“Courage, Love, Illusion (or dream, if you will) — he who possesses all three, or two, or at least one of these things wins whatever there is to win; those who lack all three are the failures.”—Edward Lewis Wallant, The Tenants of Moonbloom (via monamade)
“(Discussing in print once Sydney Smith’s conception of heaven as eating pâté de foie gras to the sound of trumpets, I have described my own as bowling across Castile in my Rolls-Royce of the day, with the roof open, Mendelssohn’s Violin Concerto on the radio, and my Abyssinian cat beside me on the front seat. A reader of different impulses wrote to say that he agreed with the car, the place, and even the music, but as a companion would want something a damned sight more interesting than a cat.)”—Jan Morris, Conundrum (Via marginalutility)
In honor of Dump Your Significant Jerk Day (today!), we offer you this picture of Kingsley Amis, asleep by the shore and ably punked by a clever beach-goer/very disgruntled lover his wife, Hilly—in lipstick, no less.
There is almost an eternity of epic break-ups across the NYRB Classics series, but Amis penned some of the most dumpable jerks ever—jerks like Maurice Allington of The Green Man (cheating on his adoring wife Joyce with Diana; angling for a threesome with Diana and Joyce; left by both women for each other) and vain Sir Roy Vandervane of Girl, 20 (who to his latest youthful infatuation poetically intones, “What makes you such a howling bitch?”). And those are just two of the major dumpable jerks in Amis’ novels…don’t even get us started about Roger Micheldene from One Fat Englishman.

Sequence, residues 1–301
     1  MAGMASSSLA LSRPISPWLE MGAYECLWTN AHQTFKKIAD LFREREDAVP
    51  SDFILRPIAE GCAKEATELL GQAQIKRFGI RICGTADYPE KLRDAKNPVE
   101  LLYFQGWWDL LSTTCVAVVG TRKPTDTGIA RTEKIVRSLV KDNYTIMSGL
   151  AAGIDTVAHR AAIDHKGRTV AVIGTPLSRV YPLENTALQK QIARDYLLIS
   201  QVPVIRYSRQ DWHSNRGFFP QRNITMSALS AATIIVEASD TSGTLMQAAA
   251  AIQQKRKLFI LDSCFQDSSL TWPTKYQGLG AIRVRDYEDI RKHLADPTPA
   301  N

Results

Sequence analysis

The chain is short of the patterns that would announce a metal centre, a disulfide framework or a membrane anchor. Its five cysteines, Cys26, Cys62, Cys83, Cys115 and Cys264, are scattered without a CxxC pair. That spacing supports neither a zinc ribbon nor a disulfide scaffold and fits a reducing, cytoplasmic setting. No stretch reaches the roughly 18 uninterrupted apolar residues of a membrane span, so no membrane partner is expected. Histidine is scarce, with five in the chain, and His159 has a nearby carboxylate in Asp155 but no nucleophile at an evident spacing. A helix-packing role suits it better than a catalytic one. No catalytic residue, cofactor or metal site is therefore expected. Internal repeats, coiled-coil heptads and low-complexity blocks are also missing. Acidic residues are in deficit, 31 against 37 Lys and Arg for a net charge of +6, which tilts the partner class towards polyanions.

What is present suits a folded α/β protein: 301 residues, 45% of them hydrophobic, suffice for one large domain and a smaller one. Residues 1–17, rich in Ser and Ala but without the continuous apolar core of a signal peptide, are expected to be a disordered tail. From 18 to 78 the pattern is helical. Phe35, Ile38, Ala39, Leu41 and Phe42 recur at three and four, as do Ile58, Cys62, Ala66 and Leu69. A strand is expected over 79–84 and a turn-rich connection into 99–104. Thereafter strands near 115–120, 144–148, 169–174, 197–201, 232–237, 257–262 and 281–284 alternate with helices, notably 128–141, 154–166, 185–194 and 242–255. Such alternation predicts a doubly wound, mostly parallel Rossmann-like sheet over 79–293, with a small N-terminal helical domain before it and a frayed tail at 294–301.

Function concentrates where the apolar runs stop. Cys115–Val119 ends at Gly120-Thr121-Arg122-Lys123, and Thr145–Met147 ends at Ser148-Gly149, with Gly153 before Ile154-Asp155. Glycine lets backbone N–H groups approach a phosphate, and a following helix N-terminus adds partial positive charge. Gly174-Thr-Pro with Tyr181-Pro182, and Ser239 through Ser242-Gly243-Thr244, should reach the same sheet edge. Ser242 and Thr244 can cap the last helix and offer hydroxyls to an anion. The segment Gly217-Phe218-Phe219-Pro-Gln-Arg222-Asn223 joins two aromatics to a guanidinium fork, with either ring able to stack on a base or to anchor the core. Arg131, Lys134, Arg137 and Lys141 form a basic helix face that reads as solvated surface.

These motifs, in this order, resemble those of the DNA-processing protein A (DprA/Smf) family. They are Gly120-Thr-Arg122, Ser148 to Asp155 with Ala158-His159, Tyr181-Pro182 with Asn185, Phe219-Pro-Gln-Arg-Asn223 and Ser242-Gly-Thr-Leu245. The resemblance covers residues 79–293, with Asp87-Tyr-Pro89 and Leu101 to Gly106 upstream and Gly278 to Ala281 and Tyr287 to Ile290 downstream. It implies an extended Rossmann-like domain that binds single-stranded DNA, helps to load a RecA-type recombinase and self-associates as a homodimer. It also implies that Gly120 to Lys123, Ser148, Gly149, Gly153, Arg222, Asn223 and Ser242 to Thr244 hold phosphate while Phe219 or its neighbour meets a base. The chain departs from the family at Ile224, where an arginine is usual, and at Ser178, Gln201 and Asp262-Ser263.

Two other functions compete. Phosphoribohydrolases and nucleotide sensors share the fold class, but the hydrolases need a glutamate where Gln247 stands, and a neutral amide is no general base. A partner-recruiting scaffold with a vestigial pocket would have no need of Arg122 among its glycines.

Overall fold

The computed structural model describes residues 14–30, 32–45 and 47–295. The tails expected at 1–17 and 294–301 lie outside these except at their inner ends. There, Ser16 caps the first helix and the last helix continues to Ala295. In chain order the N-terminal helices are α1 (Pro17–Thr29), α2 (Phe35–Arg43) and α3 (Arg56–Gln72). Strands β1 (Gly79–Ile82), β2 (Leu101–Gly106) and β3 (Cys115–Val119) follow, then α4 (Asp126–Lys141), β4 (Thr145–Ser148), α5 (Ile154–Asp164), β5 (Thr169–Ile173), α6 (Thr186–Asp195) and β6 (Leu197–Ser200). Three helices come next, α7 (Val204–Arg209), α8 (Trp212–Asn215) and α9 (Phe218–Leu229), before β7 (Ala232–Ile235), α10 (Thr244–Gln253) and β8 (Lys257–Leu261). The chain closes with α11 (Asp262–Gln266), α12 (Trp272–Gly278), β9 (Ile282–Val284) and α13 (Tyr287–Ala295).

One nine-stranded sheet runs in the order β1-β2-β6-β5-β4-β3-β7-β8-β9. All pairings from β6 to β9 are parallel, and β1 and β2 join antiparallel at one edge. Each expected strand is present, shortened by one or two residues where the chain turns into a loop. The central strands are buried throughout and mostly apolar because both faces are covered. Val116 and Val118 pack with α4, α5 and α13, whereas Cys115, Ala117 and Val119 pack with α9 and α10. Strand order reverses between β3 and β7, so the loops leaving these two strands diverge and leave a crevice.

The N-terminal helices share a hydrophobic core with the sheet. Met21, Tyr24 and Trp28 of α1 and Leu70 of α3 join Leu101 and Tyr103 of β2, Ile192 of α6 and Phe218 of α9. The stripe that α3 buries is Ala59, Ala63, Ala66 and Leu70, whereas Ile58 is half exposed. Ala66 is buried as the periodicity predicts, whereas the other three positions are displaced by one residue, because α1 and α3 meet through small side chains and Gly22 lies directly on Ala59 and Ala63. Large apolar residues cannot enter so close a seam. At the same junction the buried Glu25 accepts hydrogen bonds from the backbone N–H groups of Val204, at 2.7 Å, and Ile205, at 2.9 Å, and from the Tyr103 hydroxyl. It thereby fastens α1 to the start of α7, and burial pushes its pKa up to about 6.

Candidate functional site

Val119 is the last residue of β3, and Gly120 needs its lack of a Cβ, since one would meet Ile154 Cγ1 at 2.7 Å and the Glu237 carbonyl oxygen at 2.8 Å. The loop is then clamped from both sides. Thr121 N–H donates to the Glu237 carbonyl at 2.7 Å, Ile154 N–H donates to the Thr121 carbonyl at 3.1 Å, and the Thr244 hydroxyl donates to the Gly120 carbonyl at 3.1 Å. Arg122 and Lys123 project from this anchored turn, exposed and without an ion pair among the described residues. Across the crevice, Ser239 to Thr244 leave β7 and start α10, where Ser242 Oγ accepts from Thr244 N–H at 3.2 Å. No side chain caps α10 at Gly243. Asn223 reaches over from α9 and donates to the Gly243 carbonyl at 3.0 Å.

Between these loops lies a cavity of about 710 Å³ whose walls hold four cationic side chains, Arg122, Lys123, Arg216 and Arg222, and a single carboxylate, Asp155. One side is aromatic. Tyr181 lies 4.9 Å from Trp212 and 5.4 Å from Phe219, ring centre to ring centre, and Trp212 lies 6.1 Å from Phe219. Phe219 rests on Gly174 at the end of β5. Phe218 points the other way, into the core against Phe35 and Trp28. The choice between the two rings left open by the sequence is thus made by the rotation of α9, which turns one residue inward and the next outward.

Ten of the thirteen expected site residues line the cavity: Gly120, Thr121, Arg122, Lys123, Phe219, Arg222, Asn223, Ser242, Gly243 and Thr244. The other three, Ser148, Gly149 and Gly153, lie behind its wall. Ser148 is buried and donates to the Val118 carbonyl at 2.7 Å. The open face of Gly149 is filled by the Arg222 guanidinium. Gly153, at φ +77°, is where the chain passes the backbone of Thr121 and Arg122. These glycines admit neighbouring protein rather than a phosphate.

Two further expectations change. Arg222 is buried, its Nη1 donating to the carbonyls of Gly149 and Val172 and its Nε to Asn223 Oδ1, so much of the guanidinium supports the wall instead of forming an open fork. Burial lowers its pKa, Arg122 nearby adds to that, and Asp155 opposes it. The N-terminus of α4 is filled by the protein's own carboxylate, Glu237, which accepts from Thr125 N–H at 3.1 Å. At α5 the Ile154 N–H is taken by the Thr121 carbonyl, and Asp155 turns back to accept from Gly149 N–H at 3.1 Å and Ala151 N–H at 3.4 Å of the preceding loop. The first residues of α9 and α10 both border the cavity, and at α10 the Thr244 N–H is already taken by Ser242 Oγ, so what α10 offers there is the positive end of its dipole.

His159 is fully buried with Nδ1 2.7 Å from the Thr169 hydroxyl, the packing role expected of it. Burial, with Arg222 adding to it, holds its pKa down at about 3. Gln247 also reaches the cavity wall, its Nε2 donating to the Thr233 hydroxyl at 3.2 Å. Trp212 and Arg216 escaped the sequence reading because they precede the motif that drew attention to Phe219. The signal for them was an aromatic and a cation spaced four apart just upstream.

According to Rachel Donadio and others covering the Berlinale opening night screening of The Grand Budapest Hotel, Wes Anderson is a major Stefan Zweig fan—so much so, the director jokes, that his newest film is "more or less plagiarism." Does this mean we might see Bill Murray playing the role of the moody, Austro-Hungarian hero and cavalry officer, Hofmiller, from Zweig’s Beware of Pity one day? One can dream…
“What happens, though, when it is all unsaid, is that you wake up one morning, no, it’s more like late one afternoon, and it’s not just unsaid, it’s gone. That’s all. Just gone. I remember this word, that look, that small inflection, after all this time. I used to hold them, trust them, read them like a rune. Like a sign that there was a house, a billet, a civilization where we were. I look back and I think I was just there all alone. Collecting wisps and signs. Like a spinster who did know a young man once and who imagines ever since that she lost a fiancé in the war.”—
Now the tragedy and evil of buying a ready-made suit is this—that it ends, just like that, in “Yes. . . .” You think it would be a good idea if you bought a suit; you delightedly resolve to buy a suit; you work yourself up into a heavenly climax about a suit—and then suddenly it is all over and you are merely saying “Yes. . . .” You stare at it. You pat the pockets; you turn round and look at yourself sideways; you see what it would look like if it wasn’t buttoned. But whatever you do, there is nothing else to be said. “Yes. . . .” You look at the cuffs—but they’re no help to you—they’re excellent. You examine the lining—it couldn’t be better. Perhaps it is too tight under the arms. But it is not. It is no good. You are faced by the depressing fact that you are going to buy it.
“I’d recommend Turtle Diary to anyone who thinks zoos are depressing, those who like to plan imaginary crimes, and people interested in a good book who maybe don’t have a lot of reading time available.”—Turtle Diary by Russell Hoban, review at Outgoing Signals